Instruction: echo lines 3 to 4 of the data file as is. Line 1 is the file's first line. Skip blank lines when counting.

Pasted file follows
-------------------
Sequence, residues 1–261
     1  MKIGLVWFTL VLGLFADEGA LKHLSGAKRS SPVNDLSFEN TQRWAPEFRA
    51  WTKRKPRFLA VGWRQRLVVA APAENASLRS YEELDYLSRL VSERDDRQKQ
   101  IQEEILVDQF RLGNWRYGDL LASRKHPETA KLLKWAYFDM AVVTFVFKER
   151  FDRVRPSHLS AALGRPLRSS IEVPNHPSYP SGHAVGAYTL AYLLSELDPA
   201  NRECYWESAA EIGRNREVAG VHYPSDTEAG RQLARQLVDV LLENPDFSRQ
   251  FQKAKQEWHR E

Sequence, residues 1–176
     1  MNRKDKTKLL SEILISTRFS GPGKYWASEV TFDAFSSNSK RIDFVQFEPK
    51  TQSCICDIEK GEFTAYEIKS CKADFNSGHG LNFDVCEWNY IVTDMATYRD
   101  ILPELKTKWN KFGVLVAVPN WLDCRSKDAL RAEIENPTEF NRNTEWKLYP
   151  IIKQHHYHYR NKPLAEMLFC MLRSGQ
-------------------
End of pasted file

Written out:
    51  WTKRKPRFLA VGWRQRLVVA APAENASLRS YEELDYLSRL VSERDDRQKQ
   101  IQEEILVDQF RLGNWRYGDL LASRKHPETA KLLKWAYFDM AVVTFVFKER